For many, starting to play low flutes is an exciting but daunting prospect. In many ways, these instruments are the same as the much more familiar C flute, but there are a number of differences to contend with, many of which are obvious, and some more subtle, if you are to get the best out of playing low flutes. In this series of blogs I’ll be looking at different aspects of playing alto and bass flute and providing hints and tips based on several years of experience.
The techniques I’ll be discussing in this blog work for me, and have been developed through trial and error, combined with a knowledge of flute playing, and careful observation of the resultant sound. I’ve tried many of these ideas with students which has enabled me to refine the techniques based on how they work for a range of different people. However, it’s extremely important to remember that everyone is built differently, and while general rules can help to point you in the right direction, modifications might be needed to find what works best for you.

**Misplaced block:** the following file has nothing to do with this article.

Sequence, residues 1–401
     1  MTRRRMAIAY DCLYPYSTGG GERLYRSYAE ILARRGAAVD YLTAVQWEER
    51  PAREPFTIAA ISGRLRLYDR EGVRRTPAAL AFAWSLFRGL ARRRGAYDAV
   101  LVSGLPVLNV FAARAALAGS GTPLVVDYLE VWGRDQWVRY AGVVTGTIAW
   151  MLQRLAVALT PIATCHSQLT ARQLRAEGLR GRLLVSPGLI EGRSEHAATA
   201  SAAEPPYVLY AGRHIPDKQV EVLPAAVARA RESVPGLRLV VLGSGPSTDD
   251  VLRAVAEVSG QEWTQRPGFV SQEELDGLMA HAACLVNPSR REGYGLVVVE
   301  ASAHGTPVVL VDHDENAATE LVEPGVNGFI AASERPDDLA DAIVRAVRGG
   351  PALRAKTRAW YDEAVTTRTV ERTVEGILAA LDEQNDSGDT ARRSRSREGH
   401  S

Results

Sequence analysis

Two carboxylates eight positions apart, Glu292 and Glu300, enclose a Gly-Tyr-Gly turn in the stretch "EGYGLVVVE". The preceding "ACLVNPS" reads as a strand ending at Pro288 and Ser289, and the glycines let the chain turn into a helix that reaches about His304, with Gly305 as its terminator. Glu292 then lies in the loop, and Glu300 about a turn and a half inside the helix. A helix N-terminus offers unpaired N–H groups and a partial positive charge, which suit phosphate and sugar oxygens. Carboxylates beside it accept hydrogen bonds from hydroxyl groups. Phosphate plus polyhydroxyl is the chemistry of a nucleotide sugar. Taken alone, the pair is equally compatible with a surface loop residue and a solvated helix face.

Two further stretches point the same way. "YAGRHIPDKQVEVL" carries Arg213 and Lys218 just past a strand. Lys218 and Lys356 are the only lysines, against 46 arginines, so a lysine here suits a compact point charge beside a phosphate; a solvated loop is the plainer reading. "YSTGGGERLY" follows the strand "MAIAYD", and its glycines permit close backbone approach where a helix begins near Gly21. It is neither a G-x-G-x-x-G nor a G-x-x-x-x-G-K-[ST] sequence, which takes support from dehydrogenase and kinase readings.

Listening is important, and so is patience; some of these ideas might give instant improvements, while others take time to develop. Get used to listening both to the sound you’re making at the moment, and the imaginary, ideal sound in your head that you’re aiming to reproduce. The closer you’re listening, the more you’ll notice. Be critical, but also take time to be proud of your achievements. If something doesn’t work, remember it. It can sometimes me more useful to figure out what doesn’t work, so that you can narrow down the possibilities of what might. Failing, and making mistakes, is an important part of discovery and those things can be extremely valuable if you allow yourself to learn from them. Never be afraid to experiment with different ideas, and use what you’re learning on low flutes to inform your C flute playing too.
For me, learning to play low flutes taught me a huge amount about playing the C flute, especially in terms of the many, many myths of flute playing which seem to come up time and time again. In this series, I’ll be looking at topics such as posture, articulation, breathing, support, embouchure, tone colours and dynamics, all in relation to low flutes, but all of the ideas will transfer to C flute too.
More soon, but for now, the number 1 rule of low flutes playing: use lots of slow air, resonate and don’t play it like it’s a C flute!
Click here for details of rarescale’s summer school for flute players and composers
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